The information culture of the Maldives: an exploratory study of information provision and access in a small island developing state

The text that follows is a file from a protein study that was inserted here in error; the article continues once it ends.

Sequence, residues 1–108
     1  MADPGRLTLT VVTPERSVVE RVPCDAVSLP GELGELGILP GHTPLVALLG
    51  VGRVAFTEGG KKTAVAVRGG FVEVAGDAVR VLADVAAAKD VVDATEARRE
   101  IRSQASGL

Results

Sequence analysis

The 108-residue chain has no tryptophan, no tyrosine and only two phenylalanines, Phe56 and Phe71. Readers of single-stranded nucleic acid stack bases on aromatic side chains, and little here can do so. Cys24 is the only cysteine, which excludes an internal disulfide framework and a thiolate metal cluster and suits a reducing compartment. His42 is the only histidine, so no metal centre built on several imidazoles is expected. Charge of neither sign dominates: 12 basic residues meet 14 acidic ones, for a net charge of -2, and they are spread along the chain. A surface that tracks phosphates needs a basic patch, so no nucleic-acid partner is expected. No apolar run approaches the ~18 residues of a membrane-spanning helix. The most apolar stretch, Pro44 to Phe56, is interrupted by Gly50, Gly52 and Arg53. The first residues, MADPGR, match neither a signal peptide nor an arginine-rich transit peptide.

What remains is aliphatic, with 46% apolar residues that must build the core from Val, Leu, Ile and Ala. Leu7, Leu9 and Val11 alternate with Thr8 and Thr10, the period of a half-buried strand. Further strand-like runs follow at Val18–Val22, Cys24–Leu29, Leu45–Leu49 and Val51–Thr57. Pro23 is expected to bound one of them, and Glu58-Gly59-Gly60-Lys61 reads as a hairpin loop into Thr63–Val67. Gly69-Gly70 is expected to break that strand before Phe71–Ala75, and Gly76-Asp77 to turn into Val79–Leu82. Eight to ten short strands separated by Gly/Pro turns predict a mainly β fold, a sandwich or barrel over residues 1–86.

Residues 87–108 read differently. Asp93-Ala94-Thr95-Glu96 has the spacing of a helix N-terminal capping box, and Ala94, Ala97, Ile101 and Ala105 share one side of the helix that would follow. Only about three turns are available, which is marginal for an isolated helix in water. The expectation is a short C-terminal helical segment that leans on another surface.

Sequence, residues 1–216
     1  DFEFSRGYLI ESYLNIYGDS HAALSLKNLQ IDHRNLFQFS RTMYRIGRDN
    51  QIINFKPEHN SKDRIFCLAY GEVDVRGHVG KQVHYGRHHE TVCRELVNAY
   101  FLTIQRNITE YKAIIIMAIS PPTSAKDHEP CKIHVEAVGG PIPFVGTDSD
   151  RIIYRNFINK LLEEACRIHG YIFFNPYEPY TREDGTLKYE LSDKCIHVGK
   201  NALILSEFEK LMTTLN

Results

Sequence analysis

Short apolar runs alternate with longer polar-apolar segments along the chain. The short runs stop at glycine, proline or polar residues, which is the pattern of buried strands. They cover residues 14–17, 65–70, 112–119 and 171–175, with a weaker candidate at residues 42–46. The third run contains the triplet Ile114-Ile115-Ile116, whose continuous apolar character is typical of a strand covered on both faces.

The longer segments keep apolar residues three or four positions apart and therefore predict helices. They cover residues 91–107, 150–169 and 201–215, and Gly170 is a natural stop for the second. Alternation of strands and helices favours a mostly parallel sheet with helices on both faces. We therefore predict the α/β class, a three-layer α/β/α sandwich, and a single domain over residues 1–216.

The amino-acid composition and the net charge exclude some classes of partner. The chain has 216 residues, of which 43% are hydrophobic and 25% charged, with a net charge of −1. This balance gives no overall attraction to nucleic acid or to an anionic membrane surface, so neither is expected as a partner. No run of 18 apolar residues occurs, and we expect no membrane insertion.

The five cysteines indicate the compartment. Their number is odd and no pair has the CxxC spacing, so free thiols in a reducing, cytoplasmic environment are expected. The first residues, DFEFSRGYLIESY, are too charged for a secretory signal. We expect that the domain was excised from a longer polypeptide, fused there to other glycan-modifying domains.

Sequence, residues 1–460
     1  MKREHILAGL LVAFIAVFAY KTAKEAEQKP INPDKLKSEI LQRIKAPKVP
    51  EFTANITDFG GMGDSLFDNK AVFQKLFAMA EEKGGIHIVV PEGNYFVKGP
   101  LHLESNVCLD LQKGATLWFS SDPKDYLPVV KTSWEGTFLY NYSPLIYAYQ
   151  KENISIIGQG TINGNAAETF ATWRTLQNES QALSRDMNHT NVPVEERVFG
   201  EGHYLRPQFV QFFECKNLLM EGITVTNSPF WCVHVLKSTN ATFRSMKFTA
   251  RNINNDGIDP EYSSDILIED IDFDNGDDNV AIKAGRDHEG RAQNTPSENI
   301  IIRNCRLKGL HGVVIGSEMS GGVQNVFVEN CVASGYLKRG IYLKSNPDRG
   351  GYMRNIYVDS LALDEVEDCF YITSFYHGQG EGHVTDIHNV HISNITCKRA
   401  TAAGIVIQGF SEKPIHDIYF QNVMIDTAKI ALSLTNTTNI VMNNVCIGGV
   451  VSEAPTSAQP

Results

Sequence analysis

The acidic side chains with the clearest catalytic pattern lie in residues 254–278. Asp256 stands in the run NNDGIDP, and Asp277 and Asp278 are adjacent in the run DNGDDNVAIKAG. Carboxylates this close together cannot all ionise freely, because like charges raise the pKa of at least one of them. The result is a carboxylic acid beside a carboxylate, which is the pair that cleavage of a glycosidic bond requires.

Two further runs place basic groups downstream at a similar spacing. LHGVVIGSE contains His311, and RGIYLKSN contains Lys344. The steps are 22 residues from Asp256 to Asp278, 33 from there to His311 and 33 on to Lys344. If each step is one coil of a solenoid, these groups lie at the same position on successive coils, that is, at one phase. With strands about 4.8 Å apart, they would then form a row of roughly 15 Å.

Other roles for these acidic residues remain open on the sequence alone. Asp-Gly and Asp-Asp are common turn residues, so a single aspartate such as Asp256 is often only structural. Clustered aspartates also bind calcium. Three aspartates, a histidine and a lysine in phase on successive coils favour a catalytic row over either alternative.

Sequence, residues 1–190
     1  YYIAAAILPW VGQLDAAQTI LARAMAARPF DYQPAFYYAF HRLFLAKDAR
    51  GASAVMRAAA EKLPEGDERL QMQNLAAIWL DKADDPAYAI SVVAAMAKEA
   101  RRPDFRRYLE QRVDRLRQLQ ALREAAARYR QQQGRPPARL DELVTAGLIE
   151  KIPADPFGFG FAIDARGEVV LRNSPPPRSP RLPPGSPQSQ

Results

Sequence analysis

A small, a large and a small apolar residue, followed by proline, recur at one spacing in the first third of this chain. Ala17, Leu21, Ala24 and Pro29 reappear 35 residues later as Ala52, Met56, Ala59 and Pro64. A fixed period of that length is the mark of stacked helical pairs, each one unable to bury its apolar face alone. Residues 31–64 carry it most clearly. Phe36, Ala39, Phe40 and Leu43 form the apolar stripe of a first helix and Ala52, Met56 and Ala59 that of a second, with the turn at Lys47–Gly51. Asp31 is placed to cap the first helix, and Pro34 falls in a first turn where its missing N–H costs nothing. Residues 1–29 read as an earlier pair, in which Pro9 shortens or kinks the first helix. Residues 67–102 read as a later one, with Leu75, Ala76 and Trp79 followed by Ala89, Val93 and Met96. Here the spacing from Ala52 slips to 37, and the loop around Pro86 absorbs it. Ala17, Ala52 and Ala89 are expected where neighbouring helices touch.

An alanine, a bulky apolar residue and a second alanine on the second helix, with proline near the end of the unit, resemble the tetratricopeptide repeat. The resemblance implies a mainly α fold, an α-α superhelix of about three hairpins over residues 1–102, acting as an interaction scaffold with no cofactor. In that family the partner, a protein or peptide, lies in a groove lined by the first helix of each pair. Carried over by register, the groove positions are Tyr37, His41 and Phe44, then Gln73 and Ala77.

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The thesis explores the relationship between information culture and development to highlight areas in information provision and access that need to be addressed in the small island developing state of the Maldives.The study uses a mixed methods approach. A quantitative survey of a rural community and the urban community collected data on their information use, access, and awareness. Qualitative in-depth interviews with key information stakeholders in the country supplemented this, giving insightful information on how the relevant issues at hand were being addressed by the relevant government departments.The results reveal that people in the urban capital of the Maldives have much better access to information sources than members of the rural community. The take-up of ICTs is promising and implementation of information services remains a high priority. The survey also found more frequent use of “formal” channels of information by the urban community while the rural community predominantly relies on “verbal” or “informal” information exchange. The identified challenges in the provision of information initiatives include the geographical dispersion of the country, lack of information awareness and information literacy, misalignment of information services with the needs, financial and human resources constraints, and the lack of appropriate information policies.The major conclusions emanating from this study are that the difference in the communities in their information outlook is that of level of access, not in the actual usage, and that there is a strong oral culture of information exchange with a casual reading approach.The results of this study will be useful to inform policy making in addressing the disparities between the rural and urban communities and in the general introduction of information services relevant to the Maldives.
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